|Categories||Business, technology, science, energy, healthcare, design, thought leadership|
|First issue||November 2, 1999|
|Final issue||June 30, 2014|
|Country||United States, (US and France editions)|
SmartPlanet was an online magazine that covered clean technology and information technology as it related to healthcare, science, transportation, corporate sustainability, architecture, and design. It was part of the business portfolio of CBS Interactive that included BNET and ZDNet and was known for its daily coverage of the technology and energy industries. It stopped publishing on June 30, 2014.
The site was first launched by Ziff Davis on November 2, 1999 as an online educational service and "personal learning community" focused on the technology industry.
After CNET Networks acquired Ziff Davis and subsidiary ZDNet in 2000, SmartPlanet was relaunched in 2001 as a paid learning service for IT professionals.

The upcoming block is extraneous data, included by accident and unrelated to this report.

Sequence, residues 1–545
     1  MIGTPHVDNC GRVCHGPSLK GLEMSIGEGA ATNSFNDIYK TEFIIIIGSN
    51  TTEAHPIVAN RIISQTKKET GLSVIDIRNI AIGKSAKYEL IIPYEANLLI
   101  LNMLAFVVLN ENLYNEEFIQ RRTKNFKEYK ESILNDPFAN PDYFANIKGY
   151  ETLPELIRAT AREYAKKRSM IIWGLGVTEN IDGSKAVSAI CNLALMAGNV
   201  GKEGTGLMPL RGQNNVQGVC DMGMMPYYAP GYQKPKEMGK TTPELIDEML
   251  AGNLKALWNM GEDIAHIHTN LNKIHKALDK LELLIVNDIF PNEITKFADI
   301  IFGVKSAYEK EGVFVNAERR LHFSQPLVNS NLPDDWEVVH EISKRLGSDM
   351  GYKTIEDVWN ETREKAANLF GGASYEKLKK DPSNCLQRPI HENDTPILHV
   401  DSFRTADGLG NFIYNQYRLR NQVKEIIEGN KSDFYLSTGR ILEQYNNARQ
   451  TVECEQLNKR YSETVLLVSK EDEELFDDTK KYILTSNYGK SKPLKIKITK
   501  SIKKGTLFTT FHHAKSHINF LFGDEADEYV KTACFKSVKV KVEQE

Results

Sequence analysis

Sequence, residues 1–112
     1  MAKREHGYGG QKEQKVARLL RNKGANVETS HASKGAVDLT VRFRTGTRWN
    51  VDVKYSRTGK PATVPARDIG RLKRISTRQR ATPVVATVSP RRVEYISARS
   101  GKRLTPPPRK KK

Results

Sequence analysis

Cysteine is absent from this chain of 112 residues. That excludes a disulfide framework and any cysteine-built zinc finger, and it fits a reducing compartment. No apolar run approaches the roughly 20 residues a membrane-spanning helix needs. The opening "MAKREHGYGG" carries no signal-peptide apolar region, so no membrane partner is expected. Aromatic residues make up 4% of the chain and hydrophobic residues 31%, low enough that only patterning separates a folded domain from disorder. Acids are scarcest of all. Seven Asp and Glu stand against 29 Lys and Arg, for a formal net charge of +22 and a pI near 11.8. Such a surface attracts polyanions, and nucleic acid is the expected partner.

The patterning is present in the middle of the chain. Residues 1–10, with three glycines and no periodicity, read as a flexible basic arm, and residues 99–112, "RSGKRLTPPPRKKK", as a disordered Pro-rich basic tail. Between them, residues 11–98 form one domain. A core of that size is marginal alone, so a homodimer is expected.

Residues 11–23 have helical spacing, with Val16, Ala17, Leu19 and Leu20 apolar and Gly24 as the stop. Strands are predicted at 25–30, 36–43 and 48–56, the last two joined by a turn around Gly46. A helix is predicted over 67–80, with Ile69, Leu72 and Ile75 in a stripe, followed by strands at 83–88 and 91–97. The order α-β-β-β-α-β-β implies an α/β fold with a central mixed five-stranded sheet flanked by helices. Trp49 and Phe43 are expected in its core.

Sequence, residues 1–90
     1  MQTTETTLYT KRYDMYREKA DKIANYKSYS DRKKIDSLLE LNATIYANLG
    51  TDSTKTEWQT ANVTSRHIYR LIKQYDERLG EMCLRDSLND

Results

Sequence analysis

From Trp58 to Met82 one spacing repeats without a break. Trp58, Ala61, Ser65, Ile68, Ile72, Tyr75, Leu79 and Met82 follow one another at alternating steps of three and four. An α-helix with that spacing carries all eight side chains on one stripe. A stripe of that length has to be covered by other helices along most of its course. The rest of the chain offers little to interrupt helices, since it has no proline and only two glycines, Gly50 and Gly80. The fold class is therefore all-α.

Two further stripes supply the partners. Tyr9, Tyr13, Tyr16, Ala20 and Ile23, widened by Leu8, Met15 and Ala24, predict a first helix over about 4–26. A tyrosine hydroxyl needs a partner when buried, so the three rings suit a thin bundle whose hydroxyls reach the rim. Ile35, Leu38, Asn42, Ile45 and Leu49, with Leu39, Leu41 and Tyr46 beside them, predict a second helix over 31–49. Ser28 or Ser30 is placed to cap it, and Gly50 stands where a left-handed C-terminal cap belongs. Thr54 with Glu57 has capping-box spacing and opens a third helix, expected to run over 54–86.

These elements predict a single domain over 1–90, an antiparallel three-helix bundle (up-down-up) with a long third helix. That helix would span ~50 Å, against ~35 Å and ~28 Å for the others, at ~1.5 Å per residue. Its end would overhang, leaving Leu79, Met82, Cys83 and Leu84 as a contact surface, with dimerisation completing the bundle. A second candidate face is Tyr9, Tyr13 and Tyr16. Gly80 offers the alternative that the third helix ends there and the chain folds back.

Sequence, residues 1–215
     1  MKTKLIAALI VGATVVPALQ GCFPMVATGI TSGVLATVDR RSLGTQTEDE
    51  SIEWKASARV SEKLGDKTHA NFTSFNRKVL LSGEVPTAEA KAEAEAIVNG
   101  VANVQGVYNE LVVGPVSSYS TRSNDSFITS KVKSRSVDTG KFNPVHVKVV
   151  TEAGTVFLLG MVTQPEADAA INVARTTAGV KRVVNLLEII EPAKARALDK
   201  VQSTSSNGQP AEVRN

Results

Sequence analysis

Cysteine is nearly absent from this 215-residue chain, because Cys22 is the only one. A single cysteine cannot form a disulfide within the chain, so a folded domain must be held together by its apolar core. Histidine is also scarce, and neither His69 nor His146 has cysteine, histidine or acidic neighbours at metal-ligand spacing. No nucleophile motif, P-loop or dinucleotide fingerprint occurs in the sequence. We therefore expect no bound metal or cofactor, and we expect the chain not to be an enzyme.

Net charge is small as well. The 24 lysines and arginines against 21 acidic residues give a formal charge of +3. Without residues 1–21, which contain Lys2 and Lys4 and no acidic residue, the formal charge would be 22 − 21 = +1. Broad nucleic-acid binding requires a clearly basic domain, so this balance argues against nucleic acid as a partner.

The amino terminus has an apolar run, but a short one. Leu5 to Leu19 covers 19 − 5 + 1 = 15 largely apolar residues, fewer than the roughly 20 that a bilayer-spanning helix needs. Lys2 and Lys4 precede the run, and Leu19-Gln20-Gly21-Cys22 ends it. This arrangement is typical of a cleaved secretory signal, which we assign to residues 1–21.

In 2008, it was relaunched as a U.K.-based eco-friendly, green lifestyle publication that featured reviews of sustainable and ethical products. It was edited by Adam Vaughan, who is now energy correspondent of The Guardian.
In June 2009, SmartPlanet was relocated to the U.S. and revamped as a business-centric publication led by ZDNet editor-in-chief Larry Dignan. It stopped publishing on June 30, 2014, and its staff and content were merged with ZDNet.
At launch in 2009, SmartPlanet was divided into three sections: Smart Business, Smart Technology and Smart People.
Within SmartPlanet's sections were several blogs:
Its blogs were eliminated in a 2013 redesign and rebranding that recategorized the content into news ("The Latest," formerly called "The Bulletin") and features ("The Issue").
SmartPlanet regularly produced original video on new technologies, innovators and industry conferences on sustainability, energy and green technology.
The site's occasional series called "The Future Of..." was known for featuring real-world applications of new technologies that redefine existing products or services, such as diabetic monitors, bus stops and hospitals. 
In 2011, the series won the Jesse H. Neal National Business Journalism Award for "Best Use of Video" by a B2B trade publication.